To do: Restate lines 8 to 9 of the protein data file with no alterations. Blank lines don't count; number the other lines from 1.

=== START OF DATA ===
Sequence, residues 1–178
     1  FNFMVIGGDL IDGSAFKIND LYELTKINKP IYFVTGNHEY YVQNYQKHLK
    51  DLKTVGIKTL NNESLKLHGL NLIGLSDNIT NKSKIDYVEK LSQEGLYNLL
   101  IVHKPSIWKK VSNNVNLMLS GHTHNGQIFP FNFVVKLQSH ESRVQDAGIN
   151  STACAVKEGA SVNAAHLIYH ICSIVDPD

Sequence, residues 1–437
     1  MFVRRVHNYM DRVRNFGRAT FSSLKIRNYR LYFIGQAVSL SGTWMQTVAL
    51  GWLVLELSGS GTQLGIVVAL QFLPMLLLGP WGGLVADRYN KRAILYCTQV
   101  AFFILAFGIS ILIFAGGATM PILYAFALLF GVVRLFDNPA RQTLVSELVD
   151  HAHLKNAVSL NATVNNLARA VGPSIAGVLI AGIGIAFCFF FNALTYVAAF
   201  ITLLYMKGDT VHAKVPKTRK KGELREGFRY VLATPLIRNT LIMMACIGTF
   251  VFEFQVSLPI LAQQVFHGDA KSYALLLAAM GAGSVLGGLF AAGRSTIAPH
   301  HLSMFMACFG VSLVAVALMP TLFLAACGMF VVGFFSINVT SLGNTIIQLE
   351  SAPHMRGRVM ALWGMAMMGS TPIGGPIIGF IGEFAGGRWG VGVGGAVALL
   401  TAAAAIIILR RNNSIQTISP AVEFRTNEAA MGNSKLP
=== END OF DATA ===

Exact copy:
    51  GWLVLELSGS GTQLGIVVAL QFLPMLLLGP WGGLVADRYN KRAILYCTQV
   101  AFFILAFGIS ILIFAGGATM PILYAFALLF GVVRLFDNPA RQTLVSELVD